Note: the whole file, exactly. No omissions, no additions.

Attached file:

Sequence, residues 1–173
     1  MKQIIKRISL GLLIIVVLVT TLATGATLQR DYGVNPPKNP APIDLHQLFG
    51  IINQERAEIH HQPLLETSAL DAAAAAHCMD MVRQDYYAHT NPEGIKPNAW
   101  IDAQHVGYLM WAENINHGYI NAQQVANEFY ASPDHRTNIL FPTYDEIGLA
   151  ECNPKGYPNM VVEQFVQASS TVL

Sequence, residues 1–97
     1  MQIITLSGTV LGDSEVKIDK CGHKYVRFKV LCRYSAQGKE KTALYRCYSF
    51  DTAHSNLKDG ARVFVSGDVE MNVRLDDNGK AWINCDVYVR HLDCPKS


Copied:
Sequence, residues 1–173
     1  MKQIIKRISL GLLIIVVLVT TLATGATLQR DYGVNPPKNP APIDLHQLFG
    51  IINQERAEIH HQPLLETSAL DAAAAAHCMD MVRQDYYAHT NPEGIKPNAW
   101  IDAQHVGYLM WAENINHGYI NAQQVANEFY ASPDHRTNIL FPTYDEIGLA
   151  ECNPKGYPNM VVEQFVQASS TVL

Sequence, residues 1–97
     1  MQIITLSGTV LGDSEVKIDK CGHKYVRFKV LCRYSAQGKE KTALYRCYSF
    51  DTAHSNLKDG ARVFVSGDVE MNVRLDDNGK AWINCDVYVR HLDCPKS